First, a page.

Growing up we would always attend the local heritage festival each spring. The rides, food, and of course, the carnival games. You’ve no doubt seen them, brightly lit, loud music and of course the prizes proudly lined up just waiting to be won. While they may go by different names in your area, plinko and the duck shoot were always at ours.
Plinko is a game of chance involving a steeply slanted board with pegs jutting up from it. You pay your dollar and are given three disks. You then ascend the stairs to the top of the board. There is a cat walk that allows you to move across its length and the slope allows you to see the pegs that are placed, seemingly at random, between you at the top and the prize bins along the bottom. The bins always included a “grand prize” that paid like $1,000. There were other pay out amounts, as well as several “win another turn” bins. Also present were the “lose a turn” bins, located throughout the other options, at the bottom of the board. You would eye your prize and place your disk at what seemed to be the start of the optimal path and let it go. Counting the prize even as the disk careened downward interacting with the pegs in a seemingly random way until the disk finally entered a bin at the bottom... “lose a turn”! You’re perplexed and try another approach, only to experience the same result. With your last disk in hand you try yet another point on the board, all hope of the grand prize is now gone. Your only focus is one of the two “win another turn” bins. You leave a dollar lighter and not much wiser.
That’s why I was much more excited to try the duck shoot game. It’s a simple arrangement, there is an older BB gun affixed to the front counter. It’s loaded with 10 BB’s and in front of you is a series of ducks pulled along a track. Hit a duck, and it falls over scoring you a point. Get 10 points and a grand prize is yours. You walk up and hand over your dollar. The Carnie loads your weapon, and the ducks begin to march across. Your first shot is off, and the second only nicks the duck, causing it to wobble but not fall over. But you now have your aim point worked out. The next falls as do the following seven. Close, but no grand prize. As I walked to the end of the line, those waiting would ask, “How’s it shoot?” “Low and right,” would be my reply. “Aim high right along the beak, and pull as soon as the beak appears in the sight and they’ll go down.” Using my advice, there were several grand prizes handed out before my next turn. I would walk away with one large stuffed animal, as well.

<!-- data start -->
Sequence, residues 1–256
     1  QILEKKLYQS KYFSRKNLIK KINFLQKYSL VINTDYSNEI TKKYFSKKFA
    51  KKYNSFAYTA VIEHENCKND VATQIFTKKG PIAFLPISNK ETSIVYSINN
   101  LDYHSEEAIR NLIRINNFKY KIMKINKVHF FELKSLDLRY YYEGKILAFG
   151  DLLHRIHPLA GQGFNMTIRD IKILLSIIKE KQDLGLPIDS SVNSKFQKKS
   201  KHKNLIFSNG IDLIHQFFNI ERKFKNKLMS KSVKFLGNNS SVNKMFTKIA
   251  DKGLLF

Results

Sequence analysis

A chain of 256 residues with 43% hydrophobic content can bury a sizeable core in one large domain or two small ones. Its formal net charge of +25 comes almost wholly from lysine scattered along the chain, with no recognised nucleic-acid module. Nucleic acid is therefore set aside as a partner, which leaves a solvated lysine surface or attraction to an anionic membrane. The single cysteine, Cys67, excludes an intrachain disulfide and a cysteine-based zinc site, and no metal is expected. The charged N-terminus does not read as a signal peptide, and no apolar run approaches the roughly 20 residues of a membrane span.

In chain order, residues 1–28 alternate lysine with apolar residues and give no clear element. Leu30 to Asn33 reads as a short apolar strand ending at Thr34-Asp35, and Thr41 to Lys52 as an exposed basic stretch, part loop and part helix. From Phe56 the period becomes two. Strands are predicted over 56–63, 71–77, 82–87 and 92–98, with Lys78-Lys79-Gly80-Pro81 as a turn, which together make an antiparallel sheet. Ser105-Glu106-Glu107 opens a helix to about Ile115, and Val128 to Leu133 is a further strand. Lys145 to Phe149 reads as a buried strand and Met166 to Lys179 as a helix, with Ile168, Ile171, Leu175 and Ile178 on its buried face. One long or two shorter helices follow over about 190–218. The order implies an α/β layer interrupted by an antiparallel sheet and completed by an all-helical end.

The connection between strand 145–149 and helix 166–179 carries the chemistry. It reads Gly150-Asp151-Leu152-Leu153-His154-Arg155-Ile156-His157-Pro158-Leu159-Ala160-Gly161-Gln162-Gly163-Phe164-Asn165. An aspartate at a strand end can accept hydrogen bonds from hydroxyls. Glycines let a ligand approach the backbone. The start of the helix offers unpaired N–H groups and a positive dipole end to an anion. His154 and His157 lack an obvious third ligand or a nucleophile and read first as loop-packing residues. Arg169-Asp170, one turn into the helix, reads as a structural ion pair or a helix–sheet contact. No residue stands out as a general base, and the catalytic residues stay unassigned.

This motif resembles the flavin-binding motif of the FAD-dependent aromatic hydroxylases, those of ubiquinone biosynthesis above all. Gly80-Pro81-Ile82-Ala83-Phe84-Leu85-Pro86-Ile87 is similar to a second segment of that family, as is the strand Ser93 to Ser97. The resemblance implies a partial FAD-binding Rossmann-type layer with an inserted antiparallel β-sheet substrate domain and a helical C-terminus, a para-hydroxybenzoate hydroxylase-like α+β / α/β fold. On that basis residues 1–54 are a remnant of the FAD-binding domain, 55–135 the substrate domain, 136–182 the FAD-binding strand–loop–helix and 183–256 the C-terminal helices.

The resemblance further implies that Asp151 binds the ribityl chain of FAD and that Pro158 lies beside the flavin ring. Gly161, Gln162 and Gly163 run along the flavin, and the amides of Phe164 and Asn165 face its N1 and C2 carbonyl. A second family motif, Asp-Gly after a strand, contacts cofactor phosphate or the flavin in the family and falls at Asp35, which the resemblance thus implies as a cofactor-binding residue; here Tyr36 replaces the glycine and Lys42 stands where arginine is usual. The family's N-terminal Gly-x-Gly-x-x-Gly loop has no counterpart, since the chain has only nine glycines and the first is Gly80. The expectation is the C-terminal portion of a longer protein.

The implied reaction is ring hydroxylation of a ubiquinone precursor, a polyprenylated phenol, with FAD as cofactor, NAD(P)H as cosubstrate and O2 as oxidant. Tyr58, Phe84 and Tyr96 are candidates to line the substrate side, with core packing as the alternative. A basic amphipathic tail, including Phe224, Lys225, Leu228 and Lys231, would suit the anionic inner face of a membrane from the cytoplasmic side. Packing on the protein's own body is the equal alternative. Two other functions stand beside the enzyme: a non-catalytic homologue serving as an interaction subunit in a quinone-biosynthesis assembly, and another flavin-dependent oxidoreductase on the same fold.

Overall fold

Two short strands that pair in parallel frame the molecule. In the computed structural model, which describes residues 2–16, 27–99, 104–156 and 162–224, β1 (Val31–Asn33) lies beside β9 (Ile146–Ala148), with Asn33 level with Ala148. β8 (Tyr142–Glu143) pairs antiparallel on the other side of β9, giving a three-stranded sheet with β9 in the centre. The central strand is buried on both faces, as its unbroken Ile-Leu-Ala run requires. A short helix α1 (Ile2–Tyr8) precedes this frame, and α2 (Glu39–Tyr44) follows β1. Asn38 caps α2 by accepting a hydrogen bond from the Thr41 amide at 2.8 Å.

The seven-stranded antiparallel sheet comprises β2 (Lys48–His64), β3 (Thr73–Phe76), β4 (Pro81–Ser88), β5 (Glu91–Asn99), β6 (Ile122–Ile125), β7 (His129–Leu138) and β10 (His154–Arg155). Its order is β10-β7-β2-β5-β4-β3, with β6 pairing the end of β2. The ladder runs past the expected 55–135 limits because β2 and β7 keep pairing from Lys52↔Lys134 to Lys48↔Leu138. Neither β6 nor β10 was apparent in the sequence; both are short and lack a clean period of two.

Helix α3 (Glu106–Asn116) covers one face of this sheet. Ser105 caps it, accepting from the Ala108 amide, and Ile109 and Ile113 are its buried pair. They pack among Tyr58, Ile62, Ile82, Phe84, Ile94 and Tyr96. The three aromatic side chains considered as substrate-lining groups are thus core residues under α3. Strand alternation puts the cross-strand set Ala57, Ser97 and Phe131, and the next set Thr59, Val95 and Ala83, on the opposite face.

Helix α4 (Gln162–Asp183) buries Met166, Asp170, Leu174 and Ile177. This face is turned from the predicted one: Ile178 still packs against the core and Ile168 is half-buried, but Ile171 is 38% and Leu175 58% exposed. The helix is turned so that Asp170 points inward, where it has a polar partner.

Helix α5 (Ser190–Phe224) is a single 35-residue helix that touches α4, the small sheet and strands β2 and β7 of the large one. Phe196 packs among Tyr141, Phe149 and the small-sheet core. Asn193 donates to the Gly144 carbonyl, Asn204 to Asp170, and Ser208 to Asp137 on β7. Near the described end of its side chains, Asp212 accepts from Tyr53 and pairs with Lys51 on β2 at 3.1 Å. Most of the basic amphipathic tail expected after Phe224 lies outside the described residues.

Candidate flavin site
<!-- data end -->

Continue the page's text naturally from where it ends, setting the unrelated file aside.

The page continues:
Why did I give out advice and try to help others? Because there were plenty of prizes to go around. We should all get a prize... and if anyone can benefit from my experience, then let’s do it. That’s why I started Aim Point Coaching. There are plenty of prizes or goals for everyone. What is the worst that can happen, we all become better and reach for even more? But goals aren’t going to become reality by themselves. They aren’t going to be reached by simply tossing disks with minimal thought and effort. No, they are only reached by careful aim and deliberate action on your part.
Thom Straley - Thom is the Executive Director at Step Seven Ministries & is a certified life coach specializing in addiction recovery and small business growth as Aim Point Coaching. To learn more about Aim Point Coaching, visit Thom's website by clicking the link above!